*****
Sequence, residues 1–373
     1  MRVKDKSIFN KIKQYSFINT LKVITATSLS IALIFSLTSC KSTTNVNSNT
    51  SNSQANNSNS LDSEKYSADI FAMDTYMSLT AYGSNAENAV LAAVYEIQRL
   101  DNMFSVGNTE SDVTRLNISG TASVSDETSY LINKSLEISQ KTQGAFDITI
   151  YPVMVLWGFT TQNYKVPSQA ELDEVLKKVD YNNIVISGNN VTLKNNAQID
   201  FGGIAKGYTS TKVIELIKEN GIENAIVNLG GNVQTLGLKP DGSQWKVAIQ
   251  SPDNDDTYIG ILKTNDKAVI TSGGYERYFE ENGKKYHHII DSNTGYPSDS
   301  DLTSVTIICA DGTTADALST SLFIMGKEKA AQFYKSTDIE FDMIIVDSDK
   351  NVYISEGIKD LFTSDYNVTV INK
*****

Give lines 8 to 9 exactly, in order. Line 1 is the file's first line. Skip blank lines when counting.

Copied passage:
   301  DLTSVTIICA DGTTADALST SLFIMGKEKA AQFYKSTDIE FDMIIVDSDK
   351  NVYISEGIKD LFTSDYNVTV INK